November 5 -  How dangerous is Trump?   Well, according to the New York Times editorial board, very dangerous.   He has a ‘history of coded race-baiting in lockstep with the alt-right, the Ku-Klux Klan, racists and misogynists. It is simply Clinton-hatred that supports a candidate who also stands for torture, hatred of women, immigrants, refugees, people of color, people with disabilities.  A sexual predator, a business fraud, and a liar who runs on the promise to destroy millions of immigrants and jail his opponents.”
The millions who support Trump and attend his rallies don’t recognize the Devil described by the Times.   They are more concerned by the lack of good-paying jobs, the slowest economic recovery since World War II, the doubling of health care premiums,  the highest business income taxes in the World.  Double taxation, by U.S. government and government where U.S. companies have headquartered their companies,   leaves $3 trillion parked abroad, and a Democratic candidate and a bicoastal elite  that dismisses them as “deplorables.”

November 7 – One day to go and Hillary Clinton still heavily favored.  She is resting,  preserving her energy, before her anticipated election.   Measnwhile,  Trump is holding multiple rallies amidst signs that blacks, Hispanics, and millennials  might not turn out in requisite numbers, and that people who have never voted before may turn up at the polls to volt for Trump.
November 9 – It’s all over, and Trump won the electoral college by 305-220, mainly by capturing key Midwest states, Pennsylvania, North Carolina, Florida, and other Southern,  Southwestern, and Midwestrern states in middle America.
It’s too early for an autopsy,  but in my opinion, these factors were important.

·        Americans in these states and rural America were sick and tired  of  being told how good things were, and of being labelled as white supremacists, bigots,  homophobes,  misogynists, and of being forced to buy insurance they felt they did not need, of being relegated to part-time work.

·        Americans are a proud patriotic people.  They were weary of being told they no longer lived in an exceptional nation,  that they should apologize for being advocates of right of center capitalism and personal responsibility, that the future resided in becoming  a European-like social welfare state, and that globalism would inevitably supplant their national culture.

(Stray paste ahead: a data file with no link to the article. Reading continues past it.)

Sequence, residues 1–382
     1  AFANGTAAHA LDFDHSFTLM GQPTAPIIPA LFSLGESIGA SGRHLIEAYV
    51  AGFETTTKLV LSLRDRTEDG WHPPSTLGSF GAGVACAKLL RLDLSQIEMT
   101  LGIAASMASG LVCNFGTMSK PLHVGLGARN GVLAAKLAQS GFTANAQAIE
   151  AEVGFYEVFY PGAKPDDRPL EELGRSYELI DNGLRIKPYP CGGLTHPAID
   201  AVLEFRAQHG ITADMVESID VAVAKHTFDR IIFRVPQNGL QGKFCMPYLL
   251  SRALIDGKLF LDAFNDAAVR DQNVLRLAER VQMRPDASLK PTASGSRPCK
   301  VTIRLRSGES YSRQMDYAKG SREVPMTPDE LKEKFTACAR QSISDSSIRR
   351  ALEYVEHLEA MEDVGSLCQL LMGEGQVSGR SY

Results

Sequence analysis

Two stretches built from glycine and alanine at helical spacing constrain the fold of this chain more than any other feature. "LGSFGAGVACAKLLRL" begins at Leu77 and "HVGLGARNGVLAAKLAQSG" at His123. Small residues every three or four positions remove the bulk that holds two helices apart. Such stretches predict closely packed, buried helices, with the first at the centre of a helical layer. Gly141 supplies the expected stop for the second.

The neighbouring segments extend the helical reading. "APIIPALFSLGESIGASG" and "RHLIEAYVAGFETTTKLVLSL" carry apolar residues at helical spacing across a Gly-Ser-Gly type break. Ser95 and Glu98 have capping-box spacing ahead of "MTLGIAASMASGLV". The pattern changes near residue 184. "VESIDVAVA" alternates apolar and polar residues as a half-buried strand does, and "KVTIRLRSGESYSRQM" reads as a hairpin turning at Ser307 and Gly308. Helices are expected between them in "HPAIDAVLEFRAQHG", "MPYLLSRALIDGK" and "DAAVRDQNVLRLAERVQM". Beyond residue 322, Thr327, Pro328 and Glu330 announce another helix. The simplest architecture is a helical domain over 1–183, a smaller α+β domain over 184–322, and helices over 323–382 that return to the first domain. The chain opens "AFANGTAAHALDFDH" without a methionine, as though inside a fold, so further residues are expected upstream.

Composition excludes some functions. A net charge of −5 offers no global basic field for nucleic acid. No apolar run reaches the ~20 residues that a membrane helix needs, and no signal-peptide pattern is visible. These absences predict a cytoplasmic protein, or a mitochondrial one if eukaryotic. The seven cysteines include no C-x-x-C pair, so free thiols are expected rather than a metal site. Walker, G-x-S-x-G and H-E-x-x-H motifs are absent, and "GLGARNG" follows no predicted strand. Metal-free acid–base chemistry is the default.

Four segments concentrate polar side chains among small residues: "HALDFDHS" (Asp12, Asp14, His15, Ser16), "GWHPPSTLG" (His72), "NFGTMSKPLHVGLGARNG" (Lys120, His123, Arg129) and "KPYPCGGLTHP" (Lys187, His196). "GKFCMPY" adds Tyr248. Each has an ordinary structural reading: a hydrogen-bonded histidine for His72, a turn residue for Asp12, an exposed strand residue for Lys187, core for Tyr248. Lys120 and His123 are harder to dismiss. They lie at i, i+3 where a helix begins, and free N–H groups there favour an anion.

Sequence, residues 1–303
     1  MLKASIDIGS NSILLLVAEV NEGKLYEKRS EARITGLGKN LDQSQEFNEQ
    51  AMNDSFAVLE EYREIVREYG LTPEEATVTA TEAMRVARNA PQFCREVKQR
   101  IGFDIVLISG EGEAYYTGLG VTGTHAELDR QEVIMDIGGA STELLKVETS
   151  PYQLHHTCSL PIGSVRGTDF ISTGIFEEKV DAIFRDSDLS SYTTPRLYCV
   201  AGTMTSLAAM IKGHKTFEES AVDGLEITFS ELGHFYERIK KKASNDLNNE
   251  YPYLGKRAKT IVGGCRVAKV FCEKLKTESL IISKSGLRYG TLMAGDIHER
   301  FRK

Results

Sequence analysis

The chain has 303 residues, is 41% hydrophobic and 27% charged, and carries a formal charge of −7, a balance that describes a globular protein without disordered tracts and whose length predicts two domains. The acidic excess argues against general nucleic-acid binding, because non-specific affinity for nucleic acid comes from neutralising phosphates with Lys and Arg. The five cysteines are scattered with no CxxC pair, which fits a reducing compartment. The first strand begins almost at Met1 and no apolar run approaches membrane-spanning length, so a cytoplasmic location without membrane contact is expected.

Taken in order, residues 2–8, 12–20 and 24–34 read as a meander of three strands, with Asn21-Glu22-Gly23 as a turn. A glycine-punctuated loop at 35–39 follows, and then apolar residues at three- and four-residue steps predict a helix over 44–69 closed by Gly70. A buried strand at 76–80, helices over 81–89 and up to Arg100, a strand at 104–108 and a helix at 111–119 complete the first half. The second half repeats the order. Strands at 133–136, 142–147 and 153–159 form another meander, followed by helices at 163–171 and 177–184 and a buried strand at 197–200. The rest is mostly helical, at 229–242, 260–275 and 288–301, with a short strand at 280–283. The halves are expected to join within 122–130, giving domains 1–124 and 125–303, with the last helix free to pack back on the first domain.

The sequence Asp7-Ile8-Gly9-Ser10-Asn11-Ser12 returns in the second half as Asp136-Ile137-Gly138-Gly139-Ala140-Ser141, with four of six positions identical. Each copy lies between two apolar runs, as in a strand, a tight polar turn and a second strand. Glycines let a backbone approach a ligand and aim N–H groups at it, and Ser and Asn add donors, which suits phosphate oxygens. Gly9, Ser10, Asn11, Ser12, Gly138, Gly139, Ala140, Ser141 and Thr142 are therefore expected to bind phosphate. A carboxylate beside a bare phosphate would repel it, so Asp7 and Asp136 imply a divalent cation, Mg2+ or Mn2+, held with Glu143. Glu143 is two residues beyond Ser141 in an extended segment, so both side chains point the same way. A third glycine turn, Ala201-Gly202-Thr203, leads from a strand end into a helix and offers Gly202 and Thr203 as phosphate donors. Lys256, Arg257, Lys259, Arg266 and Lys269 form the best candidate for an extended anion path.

·        Hillary Clinton had no message other than “It’s my turn,” or
“It’s time for a woman president,”  or “I will extend President Obama’s policies.”  These messages had no resonance among voters looking for change and economic growth that improved their circumstances.

Wednesday, June 28, 2017

Book Proposal
I am working on a book about universal care.  Here is the introduction.     The book’s chapter may follow in future blogs. At present, the book has not undergone final editing.
The book:

Title Page
Multiple Payer Care In, Single Payer Out
You Can’t Please All of the People All of the People All of the Time
 Who Shall Pay?  For What?  Who Shall Deliver Care?
Quotation Page
To the American people, who believe government should serve the people   not just the elite.
Opening Quotes Page
You can please some of the people all of the time,   you can please all of the people some of the time, but you can’t please all of the people all of  the time..
Abraham Lincoln
Compassion should not be measured by the size of the safety net, but by the number no longer on the safety net.
Jack Kemp,  Congressman
Republicans have accepted that the electorate sees health care not just as a commodity, like purchasing a steak or a car. It’s something now people have the sense that government ought to guarantee.